BP raised its quarterly dividend for the second time in six months and said more share buybacks were on the cards, showing how the British oil company’s asset sales are providing more cash for investors.
Shareholders have urged big oil companies such as BP and Shell to control spending and give back more cash because of concerns over rising costs in the oil and gas industry and their impact on profitability.
“As well as progressive growth in the dividend per share, we expect to use surplus cash to support further distributions through share buy-backs or other mechanisms,” Chief Executive Bob Dudley said in a statement.
BP on Tuesday reported a 24 per cent drop in first-quarter underlying replacement cost profit to $3.2-billion (1.90 billion pounds), slightly ahead of a consensus forecast of $3.1-billion.
The profit fall reflected weaker refining margins and lower production as the company has shed assets to raise funds for shareholder payouts. The group also wrote off $521-million related to its decision not to proceed with a shale project in the Utica basin in the United States.
Profits were also hit by a drop in the contribution from BP’s stake in Russian oil company Rosneft.
BP, the largest foreign investor in Russia through its nearly 20 per cent stake in the Kremlin’s state oil champion, has said repeatedly that it will stand by its investments in Russia since Moscow’s intervention in Ukraine.
BP said this week it was considering what U.S. sanctions against Rosneft head Igor Sechin, would mean for its business. The share of profits BP generated from Rosneft shrank by 75 per cent in the quarter for two reasons – the weakening rouble as Russia’s economy comes under pressure from the standoff with the West over Ukraine, plus the absence of a tax charge boost in the previous period.
Russian production made up about a third of BP’s output in the first quarter.
Cash flow came in at $8.2-billion, more than double the amount from the same period last year.
BP, Europe’s third biggest oil company by market capitalisation, will raise its quarterly dividend to 9.75 cents per share, to be paid in June, 8.3 per cent higher than a year earlier. This is also above the 9.5 cents announced in October and paid for the subsequent two quarters.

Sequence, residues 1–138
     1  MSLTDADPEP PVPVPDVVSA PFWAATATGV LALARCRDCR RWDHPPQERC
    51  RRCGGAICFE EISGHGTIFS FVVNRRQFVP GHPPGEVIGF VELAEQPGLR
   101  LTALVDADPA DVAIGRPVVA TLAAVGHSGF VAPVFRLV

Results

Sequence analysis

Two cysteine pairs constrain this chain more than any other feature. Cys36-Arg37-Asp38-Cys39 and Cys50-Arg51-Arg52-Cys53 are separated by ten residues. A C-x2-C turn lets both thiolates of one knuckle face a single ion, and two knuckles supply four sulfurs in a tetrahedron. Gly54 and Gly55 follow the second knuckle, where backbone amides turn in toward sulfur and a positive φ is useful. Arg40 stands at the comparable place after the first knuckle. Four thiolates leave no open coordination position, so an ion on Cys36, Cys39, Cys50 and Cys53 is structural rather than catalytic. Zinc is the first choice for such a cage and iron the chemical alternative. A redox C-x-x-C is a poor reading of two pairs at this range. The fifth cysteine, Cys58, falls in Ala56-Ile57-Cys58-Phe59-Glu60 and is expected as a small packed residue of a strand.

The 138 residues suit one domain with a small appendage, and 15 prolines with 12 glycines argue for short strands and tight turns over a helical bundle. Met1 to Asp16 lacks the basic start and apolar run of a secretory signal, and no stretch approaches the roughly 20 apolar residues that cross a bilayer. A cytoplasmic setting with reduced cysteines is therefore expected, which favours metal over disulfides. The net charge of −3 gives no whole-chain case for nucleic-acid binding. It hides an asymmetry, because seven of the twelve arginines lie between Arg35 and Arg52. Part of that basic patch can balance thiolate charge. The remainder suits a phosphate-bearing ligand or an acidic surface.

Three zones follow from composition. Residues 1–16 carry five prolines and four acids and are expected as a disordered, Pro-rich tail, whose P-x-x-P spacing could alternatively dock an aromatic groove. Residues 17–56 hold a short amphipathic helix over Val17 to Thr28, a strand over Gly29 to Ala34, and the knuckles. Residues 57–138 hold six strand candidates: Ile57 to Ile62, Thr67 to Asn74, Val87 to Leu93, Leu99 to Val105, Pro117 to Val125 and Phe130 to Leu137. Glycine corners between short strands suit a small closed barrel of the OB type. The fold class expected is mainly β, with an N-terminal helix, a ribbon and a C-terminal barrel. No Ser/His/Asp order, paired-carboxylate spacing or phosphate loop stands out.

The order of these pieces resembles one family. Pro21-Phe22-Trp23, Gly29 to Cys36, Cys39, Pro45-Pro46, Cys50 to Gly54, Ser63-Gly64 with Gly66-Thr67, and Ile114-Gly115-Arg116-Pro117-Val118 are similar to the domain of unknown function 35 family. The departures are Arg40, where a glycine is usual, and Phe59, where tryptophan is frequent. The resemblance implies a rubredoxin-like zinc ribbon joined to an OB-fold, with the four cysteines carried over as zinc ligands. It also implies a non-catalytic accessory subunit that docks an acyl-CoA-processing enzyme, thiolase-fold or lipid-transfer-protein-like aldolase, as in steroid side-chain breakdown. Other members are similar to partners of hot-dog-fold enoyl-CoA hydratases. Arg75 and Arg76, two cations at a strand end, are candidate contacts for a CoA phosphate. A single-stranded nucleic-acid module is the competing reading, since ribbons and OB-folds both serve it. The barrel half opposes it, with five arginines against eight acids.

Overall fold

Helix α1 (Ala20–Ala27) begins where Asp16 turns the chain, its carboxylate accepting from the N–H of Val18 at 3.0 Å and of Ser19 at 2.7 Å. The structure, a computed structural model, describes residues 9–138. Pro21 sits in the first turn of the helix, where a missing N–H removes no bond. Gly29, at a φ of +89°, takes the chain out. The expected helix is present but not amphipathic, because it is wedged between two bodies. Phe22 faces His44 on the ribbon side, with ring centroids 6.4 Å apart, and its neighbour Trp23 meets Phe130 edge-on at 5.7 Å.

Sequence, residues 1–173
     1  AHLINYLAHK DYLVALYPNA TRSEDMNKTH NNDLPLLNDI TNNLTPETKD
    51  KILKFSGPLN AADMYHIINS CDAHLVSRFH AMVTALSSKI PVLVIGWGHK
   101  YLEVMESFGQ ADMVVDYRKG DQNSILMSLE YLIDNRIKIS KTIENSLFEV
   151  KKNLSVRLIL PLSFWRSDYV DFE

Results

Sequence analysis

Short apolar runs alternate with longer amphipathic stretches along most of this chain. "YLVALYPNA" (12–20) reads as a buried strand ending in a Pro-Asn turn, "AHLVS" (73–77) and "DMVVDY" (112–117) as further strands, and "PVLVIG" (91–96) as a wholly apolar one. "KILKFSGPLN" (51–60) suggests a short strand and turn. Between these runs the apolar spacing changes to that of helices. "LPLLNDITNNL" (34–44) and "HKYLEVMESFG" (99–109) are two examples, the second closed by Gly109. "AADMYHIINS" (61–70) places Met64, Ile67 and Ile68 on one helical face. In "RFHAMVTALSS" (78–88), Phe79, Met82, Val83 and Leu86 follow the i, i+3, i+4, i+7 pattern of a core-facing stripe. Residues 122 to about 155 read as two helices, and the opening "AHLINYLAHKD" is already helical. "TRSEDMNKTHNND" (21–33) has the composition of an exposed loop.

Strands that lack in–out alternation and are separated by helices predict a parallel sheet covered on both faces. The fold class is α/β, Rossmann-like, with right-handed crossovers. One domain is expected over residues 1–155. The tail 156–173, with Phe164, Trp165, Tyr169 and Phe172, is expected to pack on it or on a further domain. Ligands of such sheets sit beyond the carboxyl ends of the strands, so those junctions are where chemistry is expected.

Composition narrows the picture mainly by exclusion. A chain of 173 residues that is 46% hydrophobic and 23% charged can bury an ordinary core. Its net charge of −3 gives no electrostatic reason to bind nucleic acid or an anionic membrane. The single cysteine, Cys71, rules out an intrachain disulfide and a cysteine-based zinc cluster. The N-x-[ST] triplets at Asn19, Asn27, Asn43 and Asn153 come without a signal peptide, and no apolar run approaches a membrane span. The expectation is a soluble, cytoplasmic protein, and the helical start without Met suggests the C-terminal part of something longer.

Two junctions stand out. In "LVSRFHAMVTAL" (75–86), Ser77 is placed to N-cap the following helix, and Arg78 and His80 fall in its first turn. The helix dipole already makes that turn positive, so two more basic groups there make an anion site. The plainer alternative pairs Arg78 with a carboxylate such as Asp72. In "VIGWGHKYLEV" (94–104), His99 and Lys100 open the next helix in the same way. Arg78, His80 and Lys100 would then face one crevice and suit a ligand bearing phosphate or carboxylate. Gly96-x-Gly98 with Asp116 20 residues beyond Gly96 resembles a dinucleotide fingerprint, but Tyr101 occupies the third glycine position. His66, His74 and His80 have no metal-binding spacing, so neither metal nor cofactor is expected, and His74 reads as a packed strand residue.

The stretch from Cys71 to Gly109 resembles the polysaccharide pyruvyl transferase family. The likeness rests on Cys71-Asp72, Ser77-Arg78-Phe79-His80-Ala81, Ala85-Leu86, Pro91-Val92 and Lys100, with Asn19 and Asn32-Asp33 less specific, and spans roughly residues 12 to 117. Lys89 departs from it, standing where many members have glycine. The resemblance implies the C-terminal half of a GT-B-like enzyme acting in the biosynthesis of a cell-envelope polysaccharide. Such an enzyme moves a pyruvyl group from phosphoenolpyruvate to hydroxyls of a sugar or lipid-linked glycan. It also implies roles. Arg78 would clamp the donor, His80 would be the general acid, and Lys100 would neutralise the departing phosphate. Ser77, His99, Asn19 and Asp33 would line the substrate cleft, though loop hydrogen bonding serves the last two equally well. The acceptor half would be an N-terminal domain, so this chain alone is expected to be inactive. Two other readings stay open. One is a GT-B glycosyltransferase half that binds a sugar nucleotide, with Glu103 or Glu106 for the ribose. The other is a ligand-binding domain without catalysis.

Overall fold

The group’s dividends are returning towards levels last seen in 2009 before the Gulf of Mexico oil spill in 2010, after which dividends were suspended for three quarters.
Before the Gulf spill, BP had paid a dividend of 14 cents.
“Overall I think it’s a solid set of results which holds out the hope that BP can sustain increased distributions going forward,” Liberum analyst Andrew Whittock said. He also said he was cautious over Russia but it was currently unclear how sanctions might impact BP.
BP’s shares were up 0.8 per cent to 492.6 pence by 1036 BST.
The higher payouts will be partially funded by the company’s asset sales. By the end of 2015, it has said it will sell $10-billion worth of assets, in addition to the $40-billion worth of disposals made to help pay for the 2010 Gulf of Mexico oil spill.
To date it has offloaded $3-billion worth, including four oilfields in Alaska earlier in April. Disclosing the price on Tuesday, BP said these were sold for up to $1.5-billion.
The company, still overshadowed by litigation related to the 2010 spill, said provisions to cover its clean-up, fines, compensation and legal costs had not risen in the quarter and remained at $42.7-billion. In March, BP won 24 new leases in the Gulf of Mexico, with the company saying on Tuesday that final awards subject to regulatory approval.
In the United States, BP said in March that it would separate its U.S. shale assets into a new wholly-owned business to try to improve its competitiveness. Disappointing appraisal results in Utica meant it would take a $521-million write-off on that project.
Norwegian oil firm Statoil also reported first-quarter earnings above expectations on Tuesday, while Italy’s ENI’s profits were in line.
Royal Dutch Shell and France’s Total are both due to report first quarter results later this week.
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